Dir: Alexandra McGuinness. UK. 2011. 76mins
Shot in seductive black and white, Alexandra McGuinness’s Lotus Eaters tracks a posse of pointless rich kids around London, but the result can come across as even more aimless than the antics on screen. Boosted by two noteworthy performances, from Antonia Campbell Hughes and Johnny Flynn, Lotus Eaters should meander around the festival circuit (it bowed in Tribeca, then aired in Taormina and London) before grinding to a halt, prospects for commercial exposure seemingly as slight as the film itself.
Locations feel generic and there is little in the way of exteriors to reinforce the locale.
McGuinness makes a rich-enough looking debut (she is the daughter of U2’s longtime manager); there’s a stylish eau de French new wave here, courtesy of photographer turned cinematographer Garth Minden. And, as might be expected, Lotus Eaters boasts a strong soundtrack. But as co-writer - with Brendan Grant – McGuinness has neglected to populate the screen with characters to care about, or events that even matter to anyone on screen.
Campbell-Hughes, as Alice, a waif-y ex-model looking to break into acting, does her best, and folk-singer/actor Flynn, as her junkie ex-boyfriend Charlie has a standout musical sequence, but his disappearance casts the film even further adrift.
Alice and Charlie are part of a set of gilded West London youth, who flit around between parties, drinking, drugging, and engaging in bored sex. Shoplifting is also flagged as part of this hedonistic lifestyle, and they certainly all have great clothes.
Most of the characters – apart from Alice’s girlfriend Saskia, played by Daisy Lewis - have no real presence and move from being part of the scenery to delivering an awkward line before resuming their positions.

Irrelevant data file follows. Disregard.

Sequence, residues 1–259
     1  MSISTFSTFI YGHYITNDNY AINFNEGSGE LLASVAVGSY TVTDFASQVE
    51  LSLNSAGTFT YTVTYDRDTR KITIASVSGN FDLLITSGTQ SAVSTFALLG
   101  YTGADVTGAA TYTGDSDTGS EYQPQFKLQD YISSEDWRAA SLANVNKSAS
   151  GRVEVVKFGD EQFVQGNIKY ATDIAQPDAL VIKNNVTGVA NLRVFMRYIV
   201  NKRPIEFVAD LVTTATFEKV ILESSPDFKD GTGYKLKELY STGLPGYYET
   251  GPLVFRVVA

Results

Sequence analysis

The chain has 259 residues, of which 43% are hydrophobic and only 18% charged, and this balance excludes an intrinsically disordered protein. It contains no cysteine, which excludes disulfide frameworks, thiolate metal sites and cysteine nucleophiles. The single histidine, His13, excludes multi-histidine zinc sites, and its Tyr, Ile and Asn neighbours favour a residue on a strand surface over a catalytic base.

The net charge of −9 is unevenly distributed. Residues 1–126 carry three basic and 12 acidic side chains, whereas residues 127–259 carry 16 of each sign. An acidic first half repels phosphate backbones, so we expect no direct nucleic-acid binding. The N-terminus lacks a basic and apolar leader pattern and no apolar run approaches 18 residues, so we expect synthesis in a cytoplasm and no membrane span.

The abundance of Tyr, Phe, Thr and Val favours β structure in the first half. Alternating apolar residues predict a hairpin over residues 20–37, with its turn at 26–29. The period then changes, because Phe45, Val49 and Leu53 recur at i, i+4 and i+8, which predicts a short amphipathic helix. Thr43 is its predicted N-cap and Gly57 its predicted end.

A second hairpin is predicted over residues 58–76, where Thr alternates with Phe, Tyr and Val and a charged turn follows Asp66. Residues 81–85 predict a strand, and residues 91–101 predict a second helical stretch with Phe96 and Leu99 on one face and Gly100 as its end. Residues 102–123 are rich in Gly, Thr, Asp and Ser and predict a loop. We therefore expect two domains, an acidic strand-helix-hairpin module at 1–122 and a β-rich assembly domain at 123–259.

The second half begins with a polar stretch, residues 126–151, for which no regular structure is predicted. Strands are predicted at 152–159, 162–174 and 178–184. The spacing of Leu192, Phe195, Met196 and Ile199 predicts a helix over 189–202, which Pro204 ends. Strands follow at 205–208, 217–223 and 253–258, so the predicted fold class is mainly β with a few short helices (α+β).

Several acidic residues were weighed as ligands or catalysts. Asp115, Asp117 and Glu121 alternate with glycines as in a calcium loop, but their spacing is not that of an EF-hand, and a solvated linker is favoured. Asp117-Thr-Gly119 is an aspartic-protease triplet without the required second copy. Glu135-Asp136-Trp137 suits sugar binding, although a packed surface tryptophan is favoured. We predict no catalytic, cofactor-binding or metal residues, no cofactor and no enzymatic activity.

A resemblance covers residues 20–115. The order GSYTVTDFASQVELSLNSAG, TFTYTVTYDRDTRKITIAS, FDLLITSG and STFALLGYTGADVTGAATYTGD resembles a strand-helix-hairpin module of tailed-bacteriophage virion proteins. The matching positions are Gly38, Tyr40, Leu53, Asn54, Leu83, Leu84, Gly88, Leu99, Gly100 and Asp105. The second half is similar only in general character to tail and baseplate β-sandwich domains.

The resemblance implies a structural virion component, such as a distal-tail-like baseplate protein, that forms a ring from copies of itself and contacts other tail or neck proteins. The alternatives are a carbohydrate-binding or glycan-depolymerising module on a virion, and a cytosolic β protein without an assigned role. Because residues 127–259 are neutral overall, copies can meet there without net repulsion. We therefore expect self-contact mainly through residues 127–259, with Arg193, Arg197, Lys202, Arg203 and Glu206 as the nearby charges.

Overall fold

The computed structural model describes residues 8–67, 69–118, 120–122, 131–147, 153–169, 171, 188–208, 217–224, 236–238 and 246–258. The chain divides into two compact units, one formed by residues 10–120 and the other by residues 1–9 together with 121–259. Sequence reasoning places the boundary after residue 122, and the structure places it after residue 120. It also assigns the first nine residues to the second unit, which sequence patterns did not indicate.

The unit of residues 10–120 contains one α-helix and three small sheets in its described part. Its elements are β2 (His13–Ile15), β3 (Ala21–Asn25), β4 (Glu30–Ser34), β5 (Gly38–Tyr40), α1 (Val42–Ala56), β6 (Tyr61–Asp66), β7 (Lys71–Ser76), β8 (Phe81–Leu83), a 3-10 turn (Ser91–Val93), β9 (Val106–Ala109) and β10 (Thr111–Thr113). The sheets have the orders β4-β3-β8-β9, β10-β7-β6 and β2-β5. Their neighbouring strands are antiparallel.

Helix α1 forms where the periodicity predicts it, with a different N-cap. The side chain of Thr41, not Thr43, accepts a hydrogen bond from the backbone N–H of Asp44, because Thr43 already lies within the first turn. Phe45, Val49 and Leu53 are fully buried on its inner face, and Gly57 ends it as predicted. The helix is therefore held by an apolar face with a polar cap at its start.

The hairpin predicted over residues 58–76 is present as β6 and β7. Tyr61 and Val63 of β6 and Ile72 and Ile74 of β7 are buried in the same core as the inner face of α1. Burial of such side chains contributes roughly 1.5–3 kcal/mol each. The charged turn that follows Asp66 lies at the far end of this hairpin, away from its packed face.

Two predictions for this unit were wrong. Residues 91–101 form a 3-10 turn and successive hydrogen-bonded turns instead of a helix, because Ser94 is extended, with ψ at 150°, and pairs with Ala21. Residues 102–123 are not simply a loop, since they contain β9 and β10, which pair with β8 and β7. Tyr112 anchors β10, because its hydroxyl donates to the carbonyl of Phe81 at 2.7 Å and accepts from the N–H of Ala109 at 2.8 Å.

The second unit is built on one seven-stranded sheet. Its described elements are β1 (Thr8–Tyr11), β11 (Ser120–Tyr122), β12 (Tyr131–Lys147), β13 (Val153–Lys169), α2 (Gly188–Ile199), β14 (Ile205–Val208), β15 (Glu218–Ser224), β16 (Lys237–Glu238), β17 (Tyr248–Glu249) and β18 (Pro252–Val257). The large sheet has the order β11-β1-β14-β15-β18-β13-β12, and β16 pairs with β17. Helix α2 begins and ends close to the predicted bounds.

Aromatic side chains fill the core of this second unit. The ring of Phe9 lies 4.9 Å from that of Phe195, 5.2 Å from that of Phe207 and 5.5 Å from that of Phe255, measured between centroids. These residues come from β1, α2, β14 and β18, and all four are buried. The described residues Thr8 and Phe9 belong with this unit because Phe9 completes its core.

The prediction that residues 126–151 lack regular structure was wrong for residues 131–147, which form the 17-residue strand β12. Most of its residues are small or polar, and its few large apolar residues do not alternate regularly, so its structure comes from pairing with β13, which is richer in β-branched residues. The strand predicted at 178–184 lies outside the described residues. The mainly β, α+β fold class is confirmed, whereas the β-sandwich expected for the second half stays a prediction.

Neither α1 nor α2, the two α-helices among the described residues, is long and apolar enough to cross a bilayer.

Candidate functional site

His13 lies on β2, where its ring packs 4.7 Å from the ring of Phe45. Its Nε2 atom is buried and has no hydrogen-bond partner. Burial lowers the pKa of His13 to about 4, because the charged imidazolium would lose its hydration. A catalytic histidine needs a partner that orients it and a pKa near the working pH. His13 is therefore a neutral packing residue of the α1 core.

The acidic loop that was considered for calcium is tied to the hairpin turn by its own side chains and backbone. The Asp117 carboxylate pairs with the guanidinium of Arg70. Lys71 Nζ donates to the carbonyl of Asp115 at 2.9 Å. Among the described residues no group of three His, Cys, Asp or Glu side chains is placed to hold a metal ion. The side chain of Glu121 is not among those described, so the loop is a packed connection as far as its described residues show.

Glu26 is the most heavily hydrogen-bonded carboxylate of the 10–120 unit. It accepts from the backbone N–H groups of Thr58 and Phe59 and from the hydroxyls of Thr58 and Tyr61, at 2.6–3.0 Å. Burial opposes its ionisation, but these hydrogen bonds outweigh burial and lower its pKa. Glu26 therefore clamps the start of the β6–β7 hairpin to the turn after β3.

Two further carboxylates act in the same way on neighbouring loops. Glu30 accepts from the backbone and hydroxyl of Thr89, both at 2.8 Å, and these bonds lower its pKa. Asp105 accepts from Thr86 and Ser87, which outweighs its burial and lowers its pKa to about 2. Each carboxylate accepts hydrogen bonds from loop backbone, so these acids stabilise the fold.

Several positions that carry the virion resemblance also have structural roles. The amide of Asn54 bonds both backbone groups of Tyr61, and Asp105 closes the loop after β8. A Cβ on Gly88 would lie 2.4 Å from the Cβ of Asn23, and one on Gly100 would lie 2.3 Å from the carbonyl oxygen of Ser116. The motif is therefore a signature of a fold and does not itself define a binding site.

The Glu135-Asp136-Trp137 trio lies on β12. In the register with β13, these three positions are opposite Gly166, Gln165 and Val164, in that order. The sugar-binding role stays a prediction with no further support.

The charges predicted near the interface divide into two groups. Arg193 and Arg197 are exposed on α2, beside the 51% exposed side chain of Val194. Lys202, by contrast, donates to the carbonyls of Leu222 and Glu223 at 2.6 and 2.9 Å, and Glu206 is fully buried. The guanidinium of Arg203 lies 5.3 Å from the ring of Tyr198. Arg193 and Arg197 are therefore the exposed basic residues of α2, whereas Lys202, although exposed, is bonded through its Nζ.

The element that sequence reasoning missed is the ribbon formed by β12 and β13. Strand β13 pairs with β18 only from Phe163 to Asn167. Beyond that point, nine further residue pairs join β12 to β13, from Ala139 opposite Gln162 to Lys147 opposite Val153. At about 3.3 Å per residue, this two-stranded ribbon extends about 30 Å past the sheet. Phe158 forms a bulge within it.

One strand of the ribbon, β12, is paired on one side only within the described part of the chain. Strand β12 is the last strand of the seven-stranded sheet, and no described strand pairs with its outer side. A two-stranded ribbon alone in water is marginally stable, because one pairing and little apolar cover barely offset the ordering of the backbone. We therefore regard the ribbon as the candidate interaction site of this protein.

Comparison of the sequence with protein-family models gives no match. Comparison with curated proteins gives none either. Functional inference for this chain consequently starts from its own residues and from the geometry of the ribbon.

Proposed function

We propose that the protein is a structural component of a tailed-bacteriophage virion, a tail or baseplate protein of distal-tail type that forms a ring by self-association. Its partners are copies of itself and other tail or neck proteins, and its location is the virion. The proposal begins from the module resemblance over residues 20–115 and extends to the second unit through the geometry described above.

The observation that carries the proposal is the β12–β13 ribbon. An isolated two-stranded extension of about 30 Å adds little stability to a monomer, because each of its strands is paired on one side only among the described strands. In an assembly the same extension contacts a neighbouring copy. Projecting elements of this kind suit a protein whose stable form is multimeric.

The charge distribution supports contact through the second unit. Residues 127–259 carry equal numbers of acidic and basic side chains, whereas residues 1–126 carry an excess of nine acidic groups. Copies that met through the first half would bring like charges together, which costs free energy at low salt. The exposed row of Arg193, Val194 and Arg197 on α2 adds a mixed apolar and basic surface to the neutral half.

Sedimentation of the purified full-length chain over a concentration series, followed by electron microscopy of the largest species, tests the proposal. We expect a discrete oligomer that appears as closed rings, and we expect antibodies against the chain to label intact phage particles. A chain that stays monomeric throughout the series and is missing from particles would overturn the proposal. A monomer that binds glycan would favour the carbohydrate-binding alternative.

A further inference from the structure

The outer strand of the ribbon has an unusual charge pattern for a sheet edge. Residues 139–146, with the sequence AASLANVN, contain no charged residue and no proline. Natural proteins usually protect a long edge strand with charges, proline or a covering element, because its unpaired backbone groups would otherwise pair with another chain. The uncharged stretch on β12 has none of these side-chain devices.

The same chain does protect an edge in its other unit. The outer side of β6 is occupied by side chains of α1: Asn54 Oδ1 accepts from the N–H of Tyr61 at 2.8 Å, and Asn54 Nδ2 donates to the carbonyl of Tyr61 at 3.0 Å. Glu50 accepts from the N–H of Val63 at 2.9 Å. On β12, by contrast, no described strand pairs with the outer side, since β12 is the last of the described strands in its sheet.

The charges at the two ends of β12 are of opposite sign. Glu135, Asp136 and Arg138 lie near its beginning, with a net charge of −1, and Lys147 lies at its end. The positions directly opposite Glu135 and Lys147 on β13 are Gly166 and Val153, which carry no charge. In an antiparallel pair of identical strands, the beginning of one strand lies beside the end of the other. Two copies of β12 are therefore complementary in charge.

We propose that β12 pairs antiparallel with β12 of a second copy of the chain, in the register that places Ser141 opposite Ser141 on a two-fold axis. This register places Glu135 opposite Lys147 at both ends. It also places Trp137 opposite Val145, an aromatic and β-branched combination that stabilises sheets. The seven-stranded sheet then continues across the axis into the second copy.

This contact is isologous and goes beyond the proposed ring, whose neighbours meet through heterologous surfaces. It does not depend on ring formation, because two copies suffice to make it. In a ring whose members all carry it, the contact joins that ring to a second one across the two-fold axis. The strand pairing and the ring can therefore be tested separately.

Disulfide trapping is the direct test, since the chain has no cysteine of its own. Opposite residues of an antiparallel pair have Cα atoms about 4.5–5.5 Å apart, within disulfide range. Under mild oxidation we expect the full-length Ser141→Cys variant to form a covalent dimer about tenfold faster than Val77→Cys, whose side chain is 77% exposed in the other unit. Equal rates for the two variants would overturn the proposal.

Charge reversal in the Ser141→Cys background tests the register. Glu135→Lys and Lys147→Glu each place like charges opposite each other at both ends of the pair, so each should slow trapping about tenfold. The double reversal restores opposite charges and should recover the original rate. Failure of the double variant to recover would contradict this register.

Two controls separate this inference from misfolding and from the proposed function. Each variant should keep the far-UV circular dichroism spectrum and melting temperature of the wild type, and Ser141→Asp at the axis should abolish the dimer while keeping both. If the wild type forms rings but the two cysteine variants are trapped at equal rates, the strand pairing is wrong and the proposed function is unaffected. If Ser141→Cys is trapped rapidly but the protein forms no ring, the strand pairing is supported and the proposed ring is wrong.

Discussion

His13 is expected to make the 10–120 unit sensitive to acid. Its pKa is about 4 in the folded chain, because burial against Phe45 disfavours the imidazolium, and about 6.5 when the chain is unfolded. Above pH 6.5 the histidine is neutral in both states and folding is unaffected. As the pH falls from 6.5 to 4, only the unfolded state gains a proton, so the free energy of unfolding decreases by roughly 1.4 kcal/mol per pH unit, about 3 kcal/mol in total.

It’s also never really clear why Alice, who appears to be smarter than the rest of the set, chooses to be part of this gang; she’s the only one who’s not too overcome by ennui to actively pursue a job, although her future as an actress is thrown into some doubt after an amusing audition sequence. An older woman named Orla (played by Cynthia Fortune Ryan, looking uncannily like Daphne Guinness), appears to take great satisfaction out of manipulating events, while Alice helplessly drifts into the orbit of the titled Felix (Benn Northover).
Though specifically set in West London, locations feel generic and there is little in the way of exteriors to reinforce the locale.
Production companies: McGuinnessLee, Fastnet Films
International sales: Fastnet Films, www.fastnetfilms.com
Producer: Mark Lee
Co-producers: Morgan Bushe, Kyle Blanshard, Macdara Kelleher
Screenplay: Alexandra McGuinness, Brendan Grant
Cinematography: Garth Munden
Editor: Mali Evans
Production designer: Richard Hudson
Editor: Bert Hunger, Emer Reynolds
Main cast: Antonia Campbell-Hughes, Johnny Flynn, Benn Northover, Liam Browne, Amber Anderson, Jay Choi, Gina Bramhill, Daisy Leis, Alex Wyndham, Cynthia Fortune Ryan